A funny business: Dismal stereotypes of women still abound at the Fringe

The battle of the sexes has long provided comedians with their material, but isn't the Edinburgh Fringe usually home to the avant-garde and alternative?
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The Independent Culture

A funny thing happened at the Edinburgh Fringe festival last week. By the time I'd come to the end of my first 48 hours of watching shows, I'd heard the same joke three times. As the days have gone on, I've heard variations on it a couple more times again. Nothing so strange about that, you may heckle. What with swine flu, Michael Jackson and the MP who bought a house for his duck using money from the public purse, there's heaps of recent material waiting in the wings to be whittled into a witticism. Admittedly, Sir Peter Viggers' bizarro expenses claim has cropped up from time to time (not in the form of a gag per se – just saying the words duck island is apparently enough to raise guffaws, and quite right too), but the joke was on none of these comically malleable current events.

Instead, the most popular joke at the 2009 Edinburgh Fringe is about women and – excuse me while I darn my split sides – how they're terrible at following the plots of films! Boom boom! The stand-up Andrew Lawrence rants about it, Idiots of Ants do a sketch about it and even Laura Solon – whose character comedy results in one of the very best shows on the Fringe this year – drops in a sly reference.

What is going on? Cracks about women being unable to watch films "properly" have, like jibes at our rubbish parallel parking (ho ho) and constant nagging (tee hee) have been around almost as long as mother-in-law jokes, haven't they? Surely they have no place here on the Fringe, home of the avant-garde, incubator for new ideas and hunting ground for fresh talents.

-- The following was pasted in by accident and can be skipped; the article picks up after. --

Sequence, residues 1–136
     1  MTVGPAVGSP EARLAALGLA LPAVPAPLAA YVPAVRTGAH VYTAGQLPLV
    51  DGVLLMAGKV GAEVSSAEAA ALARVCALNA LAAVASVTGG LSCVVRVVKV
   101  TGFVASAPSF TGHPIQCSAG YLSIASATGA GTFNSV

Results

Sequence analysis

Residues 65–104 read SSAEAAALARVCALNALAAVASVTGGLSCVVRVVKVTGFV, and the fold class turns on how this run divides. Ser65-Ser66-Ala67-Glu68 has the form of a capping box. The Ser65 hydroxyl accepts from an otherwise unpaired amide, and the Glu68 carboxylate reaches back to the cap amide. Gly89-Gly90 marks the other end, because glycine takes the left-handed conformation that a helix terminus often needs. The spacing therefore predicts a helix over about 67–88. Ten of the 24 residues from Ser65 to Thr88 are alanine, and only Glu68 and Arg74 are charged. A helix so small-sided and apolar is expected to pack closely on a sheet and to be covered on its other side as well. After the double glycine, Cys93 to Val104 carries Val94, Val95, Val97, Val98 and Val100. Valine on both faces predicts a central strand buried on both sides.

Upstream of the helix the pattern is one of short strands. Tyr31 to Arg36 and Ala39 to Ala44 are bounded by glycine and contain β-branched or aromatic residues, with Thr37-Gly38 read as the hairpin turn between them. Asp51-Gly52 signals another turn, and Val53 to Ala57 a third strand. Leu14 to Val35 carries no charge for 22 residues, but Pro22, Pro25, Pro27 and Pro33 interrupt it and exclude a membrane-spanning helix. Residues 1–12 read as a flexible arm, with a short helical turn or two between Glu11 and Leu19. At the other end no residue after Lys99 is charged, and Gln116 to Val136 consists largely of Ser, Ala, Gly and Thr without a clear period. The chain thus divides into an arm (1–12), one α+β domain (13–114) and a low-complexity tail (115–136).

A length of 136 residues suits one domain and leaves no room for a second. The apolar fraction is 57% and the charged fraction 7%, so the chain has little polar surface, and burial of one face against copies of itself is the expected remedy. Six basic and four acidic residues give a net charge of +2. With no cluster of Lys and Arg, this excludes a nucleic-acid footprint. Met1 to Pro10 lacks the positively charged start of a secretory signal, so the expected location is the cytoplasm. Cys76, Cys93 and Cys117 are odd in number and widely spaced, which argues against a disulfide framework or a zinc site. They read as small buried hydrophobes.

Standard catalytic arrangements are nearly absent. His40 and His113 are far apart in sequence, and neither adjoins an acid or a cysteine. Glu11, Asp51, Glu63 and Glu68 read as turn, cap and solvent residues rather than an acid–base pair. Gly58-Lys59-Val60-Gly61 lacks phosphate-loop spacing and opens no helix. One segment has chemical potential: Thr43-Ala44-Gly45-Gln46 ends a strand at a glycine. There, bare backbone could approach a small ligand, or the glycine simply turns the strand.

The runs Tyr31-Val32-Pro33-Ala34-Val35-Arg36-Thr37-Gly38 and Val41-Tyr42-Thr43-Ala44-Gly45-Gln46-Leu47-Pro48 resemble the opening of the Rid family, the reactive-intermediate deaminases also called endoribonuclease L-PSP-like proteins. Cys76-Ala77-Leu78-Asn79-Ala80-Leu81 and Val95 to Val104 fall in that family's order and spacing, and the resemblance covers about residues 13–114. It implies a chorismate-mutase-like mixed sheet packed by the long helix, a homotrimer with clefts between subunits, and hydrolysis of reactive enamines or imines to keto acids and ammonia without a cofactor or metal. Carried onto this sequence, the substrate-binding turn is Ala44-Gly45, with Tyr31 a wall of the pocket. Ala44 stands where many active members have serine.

Not so. Consider the following, also all heard this year: "My wife and I are more similar than you'd think. I want to earn money and be successful. And my wife – well, she wants me to earn money and be successful too." Thanks for that, Geoff Norcott. Or how about Lawrence's, "My wife was telling me the other day that I never listen. I said, 'milk and two sugars, love.'" And then there's Carey Marx's well-crafted put-down: "I was sitting next to a woman on the plane and she called me a misogynist. I said, 'Misogynist? That's a big word for a woman.'"

Misogyny, like microphones and audience baiting, remains a cornerstone of the male stand-up's set-up. What's happening at this year's Fringe is more complex, though, as comedians up here appear to be suffering from a collective gender identity crisis. It's not just the men. Sarah Millican's provocatively titled Typical Woman show weighs up whether it's better to be a man or a woman; Two Left Hands are an energetic duo whose feminist-skewed skits include foolish men trying to put Florence Nightingale and Marie Curie "back in their place"; and Anna & Katy, already being hailed by critics as the new French and Saunders, describe their surreal sketch show in the official Fringe programme as being "so funny you'll think they're men".

Everywhere you look, comedians are mining their gender for laughs. There is a "bromance" character comedy (brom-com?) about "Britain's Best Mates", and extended skits on masculinity called Rogue Males and No Sissy Stuff. John Gordillo's coyly titled relationship stand-up, F**konomics, comes with the tagline "Sex. Man. Consequences", while Alexis Dubus's Parisian alter-ego, Marcel Lucont, claims to be "France's premier misanthropist and lover" in his show, Sexual Metro. There are shows about being a blonde woman (Blondes), an old woman (The Virginia Monologues) and a typical woman. There are all-male sketch troupes who dress like they're in Reservoir Dogs and all-female sketch troupes with names such as Lady Garden. There's a show called The Shocking Truth about Men and Women. There's even a rom-com which riffs on the imagined diaries of Adam and Eve, the original man and woman. So can there really be anything new to be said on the subject? Is the men are from Mars, women are from Venus dichotomy still ripe for laughs? I decided to find out.